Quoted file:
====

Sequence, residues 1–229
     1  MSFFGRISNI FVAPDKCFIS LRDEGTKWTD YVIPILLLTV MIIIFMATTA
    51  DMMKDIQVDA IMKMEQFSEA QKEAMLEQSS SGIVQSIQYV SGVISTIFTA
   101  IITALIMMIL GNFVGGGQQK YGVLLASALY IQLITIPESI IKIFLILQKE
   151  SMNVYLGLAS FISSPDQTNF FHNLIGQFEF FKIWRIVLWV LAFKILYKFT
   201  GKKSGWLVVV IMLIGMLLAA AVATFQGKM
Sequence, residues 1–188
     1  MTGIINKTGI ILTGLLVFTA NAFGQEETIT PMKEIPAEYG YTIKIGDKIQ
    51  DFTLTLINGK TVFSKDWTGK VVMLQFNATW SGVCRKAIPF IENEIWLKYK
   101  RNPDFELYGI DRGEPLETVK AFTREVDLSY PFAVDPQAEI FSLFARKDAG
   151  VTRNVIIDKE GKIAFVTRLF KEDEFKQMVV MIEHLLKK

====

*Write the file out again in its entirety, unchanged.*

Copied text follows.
Sequence, residues 1–229
     1  MSFFGRISNI FVAPDKCFIS LRDEGTKWTD YVIPILLLTV MIIIFMATTA
    51  DMMKDIQVDA IMKMEQFSEA QKEAMLEQSS SGIVQSIQYV SGVISTIFTA
   101  IITALIMMIL GNFVGGGQQK YGVLLASALY IQLITIPESI IKIFLILQKE
   151  SMNVYLGLAS FISSPDQTNF FHNLIGQFEF FKIWRIVLWV LAFKILYKFT
   201  GKKSGWLVVV IMLIGMLLAA AVATFQGKM
Sequence, residues 1–188
     1  MTGIINKTGI ILTGLLVFTA NAFGQEETIT PMKEIPAEYG YTIKIGDKIQ
    51  DFTLTLINGK TVFSKDWTGK VVMLQFNATW SGVCRKAIPF IENEIWLKYK
   101  RNPDFELYGI DRGEPLETVK AFTREVDLSY PFAVDPQAEI FSLFARKDAG
   151  VTRNVIIDKE GKIAFVTRLF KEDEFKQMVV MIEHLLKK